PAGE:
The Dichotomy of Truth and Comfort

I still remember sitting around the lunch table in Martine’s with a bunch of businesspeople, lawyers, and family as we celebrated my dad’s 59th birthday. The conversation was lighthearted and cheery as the group laughed together, reminiscing of times past and looking forward to the times to come.

Then the conversation got political. One of the people sitting around the table sabotaged the camaraderie with a jab against Republicans, and it wasn’t long before the rest of the group joined in. Having been raised in a liberal family, I was used to this, but aided by the training I’ve received at Fuller Theological Seminary, this was the first time I was able to actually be just a fly on the wall, observing the people around me and reflecting on what I was seeing.

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Can Christians Be Feminists? Part Six of a Six-Part Series on Christianity and Feminism

When I started this series on Christianity and feminism many months ago, I told you why I do not consider myself a (secular) feminist. I found secular feminism to be philosophically shallow, and said that I thought Christianity offered a more robust basis for gender equality, but that because equality based in God wasn’t equality on our terms, we may not like the implications.

The catalyst for this series was a Christian Ethics class I took last fall as part of my program at Fuller Theological Seminary, and one of the things I’d learned from my exploration of this issue as part of that class is that my disagreement with my classmates and with the authors we read boiled down to how much authority we assigned to the Bible and (consequently) how we interpreted it.

So, in the first post of this series, I walked you through what the Bible is. I told you how the Bible came to be what it is and how that story, coupled with the high authority I assigned to the Bible, led me to interpret the Bible using a biblical narrative hermeneutic, which is just a fancy way of saying that I interpret the Bible as one cohesive story, from Genesis 1 through Revelation 22.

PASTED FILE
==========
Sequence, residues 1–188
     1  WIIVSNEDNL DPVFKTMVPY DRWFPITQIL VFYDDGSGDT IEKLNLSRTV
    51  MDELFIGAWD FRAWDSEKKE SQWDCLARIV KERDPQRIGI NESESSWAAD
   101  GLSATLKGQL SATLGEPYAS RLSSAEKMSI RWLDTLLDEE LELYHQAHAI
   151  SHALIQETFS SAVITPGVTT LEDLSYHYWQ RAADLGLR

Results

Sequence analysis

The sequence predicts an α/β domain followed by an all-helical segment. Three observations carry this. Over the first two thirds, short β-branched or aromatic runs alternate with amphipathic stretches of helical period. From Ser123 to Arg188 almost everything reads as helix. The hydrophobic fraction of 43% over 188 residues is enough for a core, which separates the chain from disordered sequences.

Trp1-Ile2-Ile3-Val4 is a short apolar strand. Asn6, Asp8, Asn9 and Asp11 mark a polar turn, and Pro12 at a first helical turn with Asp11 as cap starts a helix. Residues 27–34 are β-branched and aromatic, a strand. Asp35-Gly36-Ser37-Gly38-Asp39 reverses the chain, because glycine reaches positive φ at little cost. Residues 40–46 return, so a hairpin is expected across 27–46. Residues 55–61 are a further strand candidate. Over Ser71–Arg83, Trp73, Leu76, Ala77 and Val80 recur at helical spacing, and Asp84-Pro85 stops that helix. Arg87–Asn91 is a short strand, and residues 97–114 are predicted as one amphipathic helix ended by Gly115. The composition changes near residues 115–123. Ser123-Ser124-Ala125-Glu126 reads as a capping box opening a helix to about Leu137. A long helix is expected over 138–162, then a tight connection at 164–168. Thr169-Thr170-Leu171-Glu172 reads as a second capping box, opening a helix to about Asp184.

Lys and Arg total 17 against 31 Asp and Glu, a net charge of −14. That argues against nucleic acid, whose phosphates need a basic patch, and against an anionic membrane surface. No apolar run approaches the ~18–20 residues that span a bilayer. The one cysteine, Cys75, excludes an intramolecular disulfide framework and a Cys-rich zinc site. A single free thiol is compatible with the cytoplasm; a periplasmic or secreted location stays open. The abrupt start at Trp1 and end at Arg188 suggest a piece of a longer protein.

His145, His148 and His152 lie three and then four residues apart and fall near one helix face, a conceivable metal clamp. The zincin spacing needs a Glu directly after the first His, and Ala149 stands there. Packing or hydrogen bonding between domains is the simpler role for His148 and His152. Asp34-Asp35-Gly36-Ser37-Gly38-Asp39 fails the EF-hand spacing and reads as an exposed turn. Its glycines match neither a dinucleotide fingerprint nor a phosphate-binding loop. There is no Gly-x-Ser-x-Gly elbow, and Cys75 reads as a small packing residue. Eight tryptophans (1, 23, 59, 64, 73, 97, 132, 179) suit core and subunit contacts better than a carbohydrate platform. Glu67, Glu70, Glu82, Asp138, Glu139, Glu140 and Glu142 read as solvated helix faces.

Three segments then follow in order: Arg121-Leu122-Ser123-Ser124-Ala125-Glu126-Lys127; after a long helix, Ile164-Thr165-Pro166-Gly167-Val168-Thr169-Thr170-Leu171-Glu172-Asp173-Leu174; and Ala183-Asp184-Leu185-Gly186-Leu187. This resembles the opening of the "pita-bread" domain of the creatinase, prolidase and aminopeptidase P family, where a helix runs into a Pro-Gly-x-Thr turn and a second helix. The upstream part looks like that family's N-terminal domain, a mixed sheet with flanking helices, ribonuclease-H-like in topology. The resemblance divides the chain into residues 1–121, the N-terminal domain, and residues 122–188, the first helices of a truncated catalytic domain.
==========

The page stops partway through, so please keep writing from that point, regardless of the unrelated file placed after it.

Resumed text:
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What Is the Bible, and How Should We Interpret It? Part Two of a Six-Part Series on Christianity and Feminism

Generally speaking, it’s a bad idea to start a new series of blog posts the week before you’re gonna be up to your eyeballs in Sundance films. I’m sorry to leave you hanging for the last three weeks, but now that Sundance is through, the rest of this series should continue at a rate of at least one post per week.

The idea for this series on gender roles in Christianity spawned as part of my Christian Ethics class, in which I was flung head-first into an issue I thought I had pretty well figured out. I began my foray into this issue assuming an egalitarian position (and assuming that the Bible supported my position), but emerged from the trenches as a “limited complementarian.”

It all started with a conversation I had with one of my fellow classmates, who identified himself as a conservative complementarian and a student of John Piper (who is a very conservative complementarian). During our conversation, this student made it clear that he felt that men and women had very distinct roles in marriage, in society, and in the Church. Citing John Piper, this student said that anyone who disagreed with him (i.e., me) was doing “hermeneutical gymnastics” to arrive at their position.

Continue reading What Is the Bible, and How Should We Interpret It? Part Two of a Six-Part Series on Christianity and Feminism